Given that it was clear in 68 that the Maxi would miss the market, it would have made more sense to keep the Mini in production at Cowley (the Maxi replaced it) and put the Maxi and Austin 1800 / 2200 on the same track instead, surplus E series production could be soaked up by introducing the 1500 and hatchback variants to the ADO16 range. This would have meant the money invested into the Marina could have been invested into the ADO16 replacement, which might just have and probably should have led to a Bertone styled replacement for the ADO16 being sold alongside the Bertone (Innocenti) reskin of the Mini as a replacement for the Mini Clubman in 1974.

    A lot of if’s and may be to get to that, and we have to accept that nobody saw the Barber Boom coming (or even understood it at the time), but even without I believe the marina was an unnecessary distraction and given its modest objectives, too expensive to bring to production and efforts would have been better spent building on the success BMC had and continued to have with the ADO16 across the globe.

  9. Geoff says:

    Labour relations were very good compared to the parent company , the management structure did not reflect the class system as it may have done in the UK .
    the 1500/Nomad was prematurely terminated when it was decided to adopt rear-drive platforms across the range .So it never got refinements like the rod change gearbox that would have been such an improvement. Development and promotion of the cars basically stopped after 1970 as all resources went into the P76 project .

  10. Glenn Aylett says:

    Australian cars of the period had more in common with American ones, which the Ford and Holden cars were based on, than the smaller products of BMC, which explains why they introduced the P6 and six cylinder versions of the Marina. At the time, petrol was cheap, Australia is a big country and something like an ADO 16 wasn’t really designed for the Australian climate, or for carrying families in comfort over long distances, where a V8 would be much more suitable.

  11. Peter Wilding says:

    My aunt had a 1500 O/D5 LP – The LP signified the Luxury Pack which got you bucket seats, carpets, “wood” on the dash and a chrome strip on the side. Oh, and a ‘wood’ gear knob which was uncomfortable to use, broke, and was replaced by the dealer with a Leyland truck shift knob with the same pattern – much more comfortable to use! I suspect most of the luxury pack bits were probably standard on UK cars, and had been stripped out to ‘Australianise’ the cars and make them more suitable for rural use. As for the standard bench seat, you certainly wouldn’t want to travel three abreast in the front of any ADO16 variant!
    Things were always going wrong with the 1500, compared to the 1100s another aunt and uncle both had. The local dealer seemed to have troubles tuning it or keeping it in tune, and it always seemed to run rough at idle but smooth out beautifully once you got going.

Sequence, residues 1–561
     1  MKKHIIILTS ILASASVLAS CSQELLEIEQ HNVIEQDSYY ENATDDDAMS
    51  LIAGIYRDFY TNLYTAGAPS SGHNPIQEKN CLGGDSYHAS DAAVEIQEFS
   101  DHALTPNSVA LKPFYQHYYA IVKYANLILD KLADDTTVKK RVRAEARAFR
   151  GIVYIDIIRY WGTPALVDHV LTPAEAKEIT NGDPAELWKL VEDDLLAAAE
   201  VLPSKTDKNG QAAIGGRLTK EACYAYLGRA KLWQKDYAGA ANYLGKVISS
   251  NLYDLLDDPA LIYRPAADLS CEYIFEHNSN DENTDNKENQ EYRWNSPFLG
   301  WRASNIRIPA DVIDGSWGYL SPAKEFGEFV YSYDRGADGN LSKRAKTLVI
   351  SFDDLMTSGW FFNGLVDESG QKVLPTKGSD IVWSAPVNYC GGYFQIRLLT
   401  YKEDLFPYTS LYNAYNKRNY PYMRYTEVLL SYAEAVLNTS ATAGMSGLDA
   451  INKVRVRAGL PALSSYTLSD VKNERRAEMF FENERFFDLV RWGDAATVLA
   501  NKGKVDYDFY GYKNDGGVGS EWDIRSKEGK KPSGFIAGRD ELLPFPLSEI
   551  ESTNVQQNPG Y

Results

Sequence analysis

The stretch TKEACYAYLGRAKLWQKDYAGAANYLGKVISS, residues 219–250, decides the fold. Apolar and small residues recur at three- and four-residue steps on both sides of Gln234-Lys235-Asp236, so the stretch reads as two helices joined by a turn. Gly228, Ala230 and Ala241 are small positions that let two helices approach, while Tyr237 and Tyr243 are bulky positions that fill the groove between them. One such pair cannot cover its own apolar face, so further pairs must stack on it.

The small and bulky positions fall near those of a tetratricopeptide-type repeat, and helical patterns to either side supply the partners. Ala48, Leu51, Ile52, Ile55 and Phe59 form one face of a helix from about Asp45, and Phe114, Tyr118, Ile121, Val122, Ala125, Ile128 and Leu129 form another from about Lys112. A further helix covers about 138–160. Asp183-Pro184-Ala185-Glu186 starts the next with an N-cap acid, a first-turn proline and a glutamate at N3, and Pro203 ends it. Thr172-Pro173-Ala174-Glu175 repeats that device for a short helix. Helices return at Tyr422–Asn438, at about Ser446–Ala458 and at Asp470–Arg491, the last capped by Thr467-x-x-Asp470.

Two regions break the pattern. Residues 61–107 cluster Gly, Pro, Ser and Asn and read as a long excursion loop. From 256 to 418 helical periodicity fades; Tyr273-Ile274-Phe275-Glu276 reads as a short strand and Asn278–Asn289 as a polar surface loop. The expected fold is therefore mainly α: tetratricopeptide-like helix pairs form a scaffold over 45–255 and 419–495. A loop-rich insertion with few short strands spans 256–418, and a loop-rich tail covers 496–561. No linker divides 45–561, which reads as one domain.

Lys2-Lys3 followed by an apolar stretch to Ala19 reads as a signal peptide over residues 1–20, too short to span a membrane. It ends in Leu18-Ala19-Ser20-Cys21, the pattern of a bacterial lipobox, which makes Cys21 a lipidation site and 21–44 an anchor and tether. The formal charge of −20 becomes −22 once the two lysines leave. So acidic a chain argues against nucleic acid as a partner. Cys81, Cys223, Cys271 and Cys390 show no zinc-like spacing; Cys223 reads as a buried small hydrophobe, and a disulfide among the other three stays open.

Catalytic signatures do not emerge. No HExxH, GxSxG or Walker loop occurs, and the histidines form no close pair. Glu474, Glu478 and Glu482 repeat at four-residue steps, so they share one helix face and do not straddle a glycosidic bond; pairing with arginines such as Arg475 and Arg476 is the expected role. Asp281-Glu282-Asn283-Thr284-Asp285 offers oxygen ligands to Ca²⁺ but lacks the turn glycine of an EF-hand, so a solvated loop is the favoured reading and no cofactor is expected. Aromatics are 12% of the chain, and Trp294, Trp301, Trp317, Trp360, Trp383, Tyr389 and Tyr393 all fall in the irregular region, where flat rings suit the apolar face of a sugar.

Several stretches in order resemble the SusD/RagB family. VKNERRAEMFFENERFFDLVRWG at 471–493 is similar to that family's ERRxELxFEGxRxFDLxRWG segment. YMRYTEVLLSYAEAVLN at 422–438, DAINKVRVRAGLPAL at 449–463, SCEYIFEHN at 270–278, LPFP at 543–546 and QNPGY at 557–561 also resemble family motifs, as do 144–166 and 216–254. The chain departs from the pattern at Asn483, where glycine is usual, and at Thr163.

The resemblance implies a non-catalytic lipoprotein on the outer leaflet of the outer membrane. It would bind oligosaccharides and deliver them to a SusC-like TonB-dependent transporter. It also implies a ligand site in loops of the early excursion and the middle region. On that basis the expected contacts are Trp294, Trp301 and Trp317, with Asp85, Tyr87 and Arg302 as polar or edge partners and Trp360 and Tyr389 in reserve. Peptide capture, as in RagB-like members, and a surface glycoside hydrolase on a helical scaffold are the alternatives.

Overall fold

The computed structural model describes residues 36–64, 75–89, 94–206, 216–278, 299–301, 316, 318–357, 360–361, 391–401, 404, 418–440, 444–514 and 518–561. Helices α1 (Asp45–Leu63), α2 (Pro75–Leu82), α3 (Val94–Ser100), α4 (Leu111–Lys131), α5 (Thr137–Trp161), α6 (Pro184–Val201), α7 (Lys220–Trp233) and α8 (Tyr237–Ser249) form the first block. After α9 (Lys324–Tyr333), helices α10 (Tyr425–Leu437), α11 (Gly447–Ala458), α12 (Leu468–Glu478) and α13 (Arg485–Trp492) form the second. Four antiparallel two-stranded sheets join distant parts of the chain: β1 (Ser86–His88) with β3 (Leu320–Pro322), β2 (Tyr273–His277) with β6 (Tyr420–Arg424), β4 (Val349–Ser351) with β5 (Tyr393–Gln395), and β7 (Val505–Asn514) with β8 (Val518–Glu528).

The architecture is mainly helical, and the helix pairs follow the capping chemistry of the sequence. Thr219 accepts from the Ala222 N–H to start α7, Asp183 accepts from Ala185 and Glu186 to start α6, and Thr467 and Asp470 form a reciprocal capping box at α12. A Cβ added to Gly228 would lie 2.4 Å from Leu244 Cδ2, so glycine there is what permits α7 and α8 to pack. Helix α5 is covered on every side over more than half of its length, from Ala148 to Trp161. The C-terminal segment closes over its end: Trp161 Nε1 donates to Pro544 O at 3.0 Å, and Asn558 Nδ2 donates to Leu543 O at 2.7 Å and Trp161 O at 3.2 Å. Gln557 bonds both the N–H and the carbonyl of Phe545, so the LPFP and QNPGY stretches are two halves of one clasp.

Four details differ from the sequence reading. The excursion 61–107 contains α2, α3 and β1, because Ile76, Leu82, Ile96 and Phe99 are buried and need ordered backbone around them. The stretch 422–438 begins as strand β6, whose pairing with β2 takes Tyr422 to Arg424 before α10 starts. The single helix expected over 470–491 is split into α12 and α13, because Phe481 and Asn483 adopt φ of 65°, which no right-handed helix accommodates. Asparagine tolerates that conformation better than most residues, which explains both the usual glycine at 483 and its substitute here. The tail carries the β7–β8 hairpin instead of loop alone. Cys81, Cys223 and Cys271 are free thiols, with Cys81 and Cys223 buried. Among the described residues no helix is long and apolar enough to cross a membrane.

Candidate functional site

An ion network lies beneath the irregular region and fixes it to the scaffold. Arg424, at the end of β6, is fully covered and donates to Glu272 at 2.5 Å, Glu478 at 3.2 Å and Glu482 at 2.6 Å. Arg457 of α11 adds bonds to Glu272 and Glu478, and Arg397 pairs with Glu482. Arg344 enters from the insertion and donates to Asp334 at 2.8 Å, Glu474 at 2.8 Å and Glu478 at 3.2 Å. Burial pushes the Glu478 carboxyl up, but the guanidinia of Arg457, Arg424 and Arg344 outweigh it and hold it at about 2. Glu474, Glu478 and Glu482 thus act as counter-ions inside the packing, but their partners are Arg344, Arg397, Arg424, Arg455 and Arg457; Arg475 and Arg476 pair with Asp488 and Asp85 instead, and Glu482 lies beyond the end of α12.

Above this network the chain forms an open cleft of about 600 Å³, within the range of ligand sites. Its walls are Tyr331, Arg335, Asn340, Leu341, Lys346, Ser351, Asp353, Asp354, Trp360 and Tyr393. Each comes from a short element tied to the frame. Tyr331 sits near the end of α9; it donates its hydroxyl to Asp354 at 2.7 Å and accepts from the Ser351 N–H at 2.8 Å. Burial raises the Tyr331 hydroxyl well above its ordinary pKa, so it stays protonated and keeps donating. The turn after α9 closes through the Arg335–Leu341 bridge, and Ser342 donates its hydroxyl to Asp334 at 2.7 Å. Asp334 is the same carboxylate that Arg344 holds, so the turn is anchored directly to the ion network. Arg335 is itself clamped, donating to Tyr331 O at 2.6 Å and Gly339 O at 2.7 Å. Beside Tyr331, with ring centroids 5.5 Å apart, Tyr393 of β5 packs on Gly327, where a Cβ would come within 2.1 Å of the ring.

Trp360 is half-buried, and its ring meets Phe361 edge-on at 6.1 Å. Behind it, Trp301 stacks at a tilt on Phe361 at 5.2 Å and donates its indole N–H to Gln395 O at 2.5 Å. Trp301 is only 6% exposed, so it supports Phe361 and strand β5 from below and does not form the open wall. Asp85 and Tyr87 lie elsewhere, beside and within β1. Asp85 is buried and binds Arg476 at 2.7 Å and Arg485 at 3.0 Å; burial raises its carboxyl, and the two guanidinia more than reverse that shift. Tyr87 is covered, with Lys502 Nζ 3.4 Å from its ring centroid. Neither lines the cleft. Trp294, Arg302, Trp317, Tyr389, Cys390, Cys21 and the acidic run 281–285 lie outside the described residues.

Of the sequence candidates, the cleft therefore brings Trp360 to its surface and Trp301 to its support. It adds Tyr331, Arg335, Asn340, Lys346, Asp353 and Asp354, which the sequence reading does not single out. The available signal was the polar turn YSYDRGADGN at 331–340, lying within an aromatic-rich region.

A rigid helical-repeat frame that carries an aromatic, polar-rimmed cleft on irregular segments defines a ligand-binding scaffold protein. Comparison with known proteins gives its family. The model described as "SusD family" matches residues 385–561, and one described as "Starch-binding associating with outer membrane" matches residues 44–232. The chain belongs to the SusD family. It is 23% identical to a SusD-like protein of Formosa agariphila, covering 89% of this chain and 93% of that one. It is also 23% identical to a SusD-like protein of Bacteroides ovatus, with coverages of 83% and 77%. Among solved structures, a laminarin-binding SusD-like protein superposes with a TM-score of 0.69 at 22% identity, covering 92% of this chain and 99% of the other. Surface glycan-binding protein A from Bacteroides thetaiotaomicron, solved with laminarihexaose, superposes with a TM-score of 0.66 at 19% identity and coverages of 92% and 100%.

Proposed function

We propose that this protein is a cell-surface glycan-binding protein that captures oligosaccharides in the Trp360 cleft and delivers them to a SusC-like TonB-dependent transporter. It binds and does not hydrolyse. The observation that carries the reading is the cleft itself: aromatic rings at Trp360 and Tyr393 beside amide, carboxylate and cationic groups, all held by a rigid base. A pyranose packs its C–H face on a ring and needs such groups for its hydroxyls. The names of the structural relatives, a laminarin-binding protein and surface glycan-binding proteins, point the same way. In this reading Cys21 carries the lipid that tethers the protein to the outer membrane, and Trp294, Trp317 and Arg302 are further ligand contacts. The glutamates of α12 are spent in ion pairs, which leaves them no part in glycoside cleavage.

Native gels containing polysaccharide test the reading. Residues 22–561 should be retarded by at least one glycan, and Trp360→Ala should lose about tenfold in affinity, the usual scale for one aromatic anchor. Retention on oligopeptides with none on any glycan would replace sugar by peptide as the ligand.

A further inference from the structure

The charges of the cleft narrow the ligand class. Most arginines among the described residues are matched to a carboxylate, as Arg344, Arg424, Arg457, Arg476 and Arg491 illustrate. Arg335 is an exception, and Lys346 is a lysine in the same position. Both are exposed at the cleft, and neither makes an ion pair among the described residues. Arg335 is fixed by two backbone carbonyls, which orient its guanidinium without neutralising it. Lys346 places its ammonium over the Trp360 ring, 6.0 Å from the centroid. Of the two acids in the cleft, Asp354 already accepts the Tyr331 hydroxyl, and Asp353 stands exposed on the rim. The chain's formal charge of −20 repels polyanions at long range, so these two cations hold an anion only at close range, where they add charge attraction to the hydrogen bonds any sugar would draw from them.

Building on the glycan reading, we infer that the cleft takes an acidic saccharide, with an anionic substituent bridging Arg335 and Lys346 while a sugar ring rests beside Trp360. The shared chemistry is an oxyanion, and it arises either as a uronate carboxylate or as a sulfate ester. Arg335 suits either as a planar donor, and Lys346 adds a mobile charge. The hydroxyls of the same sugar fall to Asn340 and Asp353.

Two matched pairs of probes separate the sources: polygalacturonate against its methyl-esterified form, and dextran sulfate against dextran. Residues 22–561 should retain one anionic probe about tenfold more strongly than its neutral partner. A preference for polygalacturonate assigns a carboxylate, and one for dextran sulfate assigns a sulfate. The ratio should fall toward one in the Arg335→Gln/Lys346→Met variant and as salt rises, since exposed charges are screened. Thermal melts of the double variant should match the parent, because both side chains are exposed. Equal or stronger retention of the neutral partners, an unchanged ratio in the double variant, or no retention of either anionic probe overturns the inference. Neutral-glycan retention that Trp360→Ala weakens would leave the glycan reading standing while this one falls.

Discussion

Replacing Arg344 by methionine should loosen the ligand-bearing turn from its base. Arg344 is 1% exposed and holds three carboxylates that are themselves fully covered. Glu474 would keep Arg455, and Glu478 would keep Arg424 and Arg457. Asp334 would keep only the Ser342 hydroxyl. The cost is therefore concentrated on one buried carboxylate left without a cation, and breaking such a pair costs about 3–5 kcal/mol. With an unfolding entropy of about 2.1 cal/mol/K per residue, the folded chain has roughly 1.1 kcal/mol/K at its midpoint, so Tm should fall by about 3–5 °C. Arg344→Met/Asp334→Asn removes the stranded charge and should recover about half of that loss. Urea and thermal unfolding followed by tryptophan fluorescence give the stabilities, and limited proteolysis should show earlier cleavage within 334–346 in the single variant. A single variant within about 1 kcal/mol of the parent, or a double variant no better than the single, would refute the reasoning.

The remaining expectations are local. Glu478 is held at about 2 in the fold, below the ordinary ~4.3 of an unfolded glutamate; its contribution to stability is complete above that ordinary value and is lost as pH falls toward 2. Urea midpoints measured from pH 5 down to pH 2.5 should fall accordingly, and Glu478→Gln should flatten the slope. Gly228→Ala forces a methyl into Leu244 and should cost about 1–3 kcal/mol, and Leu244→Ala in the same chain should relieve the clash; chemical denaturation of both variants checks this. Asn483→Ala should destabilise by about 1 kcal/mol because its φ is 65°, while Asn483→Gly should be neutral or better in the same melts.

12. Geoff Ellis says:

    I totally agree with Graham’s 20th Jan comment. This is the most sensible “what if” scenario for a BMC/BLMC model structure that has appeared on this sight (apart from outsourcing the entire production process to Ford).

    Imagine NO MARINA and a better 1100 successor ! And if they had stopped building the Minor earlier, surely the 1100 would have increased numbers. BMC should have had the confidence to fully commit to FWD and drop RWD entirely, except for the Luxury end of the market.

  13. Alan says:

    These were good cars let down by the cable gearchange which I believe the local producer was forced to use by the UK parent company after they had switched to the rod gearchange for the maxi. Australian management identified this as an issue prior to release but were forced to use the cabled gearboxes to clear stock. It was the cars major fault. It was marketed as the sensible sports car and it came close to this in 5 speed form. Why this model wasn’t sold in the uk always surprised me as it was the logical development of the 1100

    • Geoff Ellis says:

      These cars were rubbish; My family owned 3 of the things. They overheated, had massive torque steer, were impossible to tune, were noisy, had cheap interiors with cardboard shelves and were not properly developed before they were released. The cable gear linkages were the least of our worries.

      They didn’t sell the 15oo in England because BMC/BLMC/LEYLAND would have been sued.

  14. Nate says:

    Would be interesting if any owners of the Australian Morris 1500 / Nomad models ever attempted to fit the larger 1750cc E-Series or 1600cc S-Series engines.

    Perhaps a British built Nomad would have been more marketable had it featured the front-end of the Apache / Victoria or even the Maxi (the latter in both twin and quad headlamp forms), along with butterflying away the Austin Maxi as well as possibly even the Austin Allegro.